Batik is the most quintessentially textile in Indonesia that traditionally uses a manual wax-resist dyeing technique. It is usually made in several regions of Indonesia, but the center of the art is in Central Java. Traditional colors for batik include indigo, dark brown and white which represent the three major Hindu Gods (Brahma, Visnu and Siva). The usual prints will consist of motifs of flowers, twinning plants, leave buds and geometric forms that are rich in symbolic association.
Selection and Preparation for the cloth of the Batik
Either cotton or silk of high tread count (densely woven) are used as the material for Batik. The high thread count enables the intricate design qualities of the batik be maintained and absorb the wax that is applied in the dye resisting process. There are different qualities of the material being used today, such as the Primissima (the best quality) and Prima, and Blaco refers to the material with a less ideal quality. The cloth quality is often written on the edge of the design.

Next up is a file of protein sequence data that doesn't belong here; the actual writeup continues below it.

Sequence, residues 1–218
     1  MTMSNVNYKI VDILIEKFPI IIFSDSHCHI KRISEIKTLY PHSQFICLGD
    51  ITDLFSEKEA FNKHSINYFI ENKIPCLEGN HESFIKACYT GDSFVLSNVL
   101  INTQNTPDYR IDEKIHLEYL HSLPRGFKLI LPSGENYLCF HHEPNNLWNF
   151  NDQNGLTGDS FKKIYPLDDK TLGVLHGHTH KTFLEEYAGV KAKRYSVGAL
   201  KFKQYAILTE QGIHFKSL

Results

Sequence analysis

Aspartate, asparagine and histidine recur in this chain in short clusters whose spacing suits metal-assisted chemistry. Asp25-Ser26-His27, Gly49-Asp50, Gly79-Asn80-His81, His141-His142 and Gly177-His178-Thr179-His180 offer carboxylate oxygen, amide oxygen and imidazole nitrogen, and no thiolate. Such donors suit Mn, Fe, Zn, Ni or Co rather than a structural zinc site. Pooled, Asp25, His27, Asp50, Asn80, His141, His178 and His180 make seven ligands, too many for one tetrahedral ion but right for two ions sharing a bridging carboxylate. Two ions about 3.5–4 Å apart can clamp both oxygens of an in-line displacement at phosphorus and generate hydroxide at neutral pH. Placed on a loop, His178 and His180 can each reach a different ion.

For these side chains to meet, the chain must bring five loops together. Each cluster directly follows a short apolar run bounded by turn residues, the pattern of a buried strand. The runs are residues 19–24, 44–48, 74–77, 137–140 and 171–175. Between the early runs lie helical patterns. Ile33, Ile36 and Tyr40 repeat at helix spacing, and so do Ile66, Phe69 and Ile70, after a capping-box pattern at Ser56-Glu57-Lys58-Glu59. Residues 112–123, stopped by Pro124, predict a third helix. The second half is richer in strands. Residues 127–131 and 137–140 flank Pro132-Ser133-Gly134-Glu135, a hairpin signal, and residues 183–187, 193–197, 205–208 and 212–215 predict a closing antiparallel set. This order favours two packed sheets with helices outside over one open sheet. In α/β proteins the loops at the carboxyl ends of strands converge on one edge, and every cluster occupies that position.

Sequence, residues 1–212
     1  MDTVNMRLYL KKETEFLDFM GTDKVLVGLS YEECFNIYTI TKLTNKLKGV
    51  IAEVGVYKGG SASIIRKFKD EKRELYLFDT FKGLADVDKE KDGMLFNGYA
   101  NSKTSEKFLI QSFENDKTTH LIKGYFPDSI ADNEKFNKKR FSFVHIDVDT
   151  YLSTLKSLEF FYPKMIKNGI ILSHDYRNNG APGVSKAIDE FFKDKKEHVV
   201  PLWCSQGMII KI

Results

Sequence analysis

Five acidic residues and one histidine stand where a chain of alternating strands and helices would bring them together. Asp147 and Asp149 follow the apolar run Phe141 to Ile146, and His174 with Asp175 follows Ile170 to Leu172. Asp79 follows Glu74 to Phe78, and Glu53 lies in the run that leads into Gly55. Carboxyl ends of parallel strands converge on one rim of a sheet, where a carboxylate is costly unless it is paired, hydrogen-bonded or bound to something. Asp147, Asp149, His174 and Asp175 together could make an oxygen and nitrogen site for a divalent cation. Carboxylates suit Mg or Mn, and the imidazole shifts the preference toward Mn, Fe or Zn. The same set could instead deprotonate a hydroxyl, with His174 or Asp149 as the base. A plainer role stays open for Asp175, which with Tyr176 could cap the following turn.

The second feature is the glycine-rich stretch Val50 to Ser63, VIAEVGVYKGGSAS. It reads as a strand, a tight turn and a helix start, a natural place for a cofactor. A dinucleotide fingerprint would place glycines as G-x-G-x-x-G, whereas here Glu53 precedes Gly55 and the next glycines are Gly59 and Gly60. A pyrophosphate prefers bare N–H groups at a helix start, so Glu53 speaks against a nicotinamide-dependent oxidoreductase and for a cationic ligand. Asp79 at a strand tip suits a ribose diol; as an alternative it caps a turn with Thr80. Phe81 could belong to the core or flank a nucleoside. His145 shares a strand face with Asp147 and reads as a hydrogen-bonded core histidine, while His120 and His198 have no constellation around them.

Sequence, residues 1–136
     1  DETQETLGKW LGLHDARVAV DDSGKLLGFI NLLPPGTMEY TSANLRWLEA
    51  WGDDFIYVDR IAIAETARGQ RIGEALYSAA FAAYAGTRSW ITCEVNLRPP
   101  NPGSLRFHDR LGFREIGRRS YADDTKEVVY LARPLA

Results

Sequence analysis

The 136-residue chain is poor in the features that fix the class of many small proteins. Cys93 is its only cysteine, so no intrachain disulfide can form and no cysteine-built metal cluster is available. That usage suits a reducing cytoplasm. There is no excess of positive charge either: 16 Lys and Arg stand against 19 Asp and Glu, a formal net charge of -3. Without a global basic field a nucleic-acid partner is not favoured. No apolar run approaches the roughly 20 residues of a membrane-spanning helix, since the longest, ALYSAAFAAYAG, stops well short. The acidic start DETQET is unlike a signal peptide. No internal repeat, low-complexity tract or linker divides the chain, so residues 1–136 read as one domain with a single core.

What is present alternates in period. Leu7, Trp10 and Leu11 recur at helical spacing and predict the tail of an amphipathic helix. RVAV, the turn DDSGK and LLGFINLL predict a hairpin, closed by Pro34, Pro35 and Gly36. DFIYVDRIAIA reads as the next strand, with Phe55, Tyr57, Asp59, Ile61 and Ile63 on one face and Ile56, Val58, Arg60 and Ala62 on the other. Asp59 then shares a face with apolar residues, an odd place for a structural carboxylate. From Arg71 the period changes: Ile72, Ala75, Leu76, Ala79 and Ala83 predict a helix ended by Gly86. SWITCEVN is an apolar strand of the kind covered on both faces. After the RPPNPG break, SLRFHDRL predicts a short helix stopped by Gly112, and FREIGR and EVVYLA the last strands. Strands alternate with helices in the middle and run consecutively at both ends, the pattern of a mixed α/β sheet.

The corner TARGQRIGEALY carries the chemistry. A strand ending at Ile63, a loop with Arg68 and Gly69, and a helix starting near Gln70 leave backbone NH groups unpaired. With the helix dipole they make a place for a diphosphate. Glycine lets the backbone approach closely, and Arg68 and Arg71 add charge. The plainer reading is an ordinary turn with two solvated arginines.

Amongst the thousands of Batik design, some designs have traditionally been associated with the royal.
An old design consisting of intersecting circles and carved into walls of many temples in Java. A pattern reserved for the royal court of the Sultan of Jogjakarta for many years.
This was once used exclusively by the royal courts of Central Java. The design consists of slanting rows of thick knife-like segments running in parallel diagonal brands. This mortif also appears in other form of artworks including wood carving and ornamentation on gamelan musical instruments.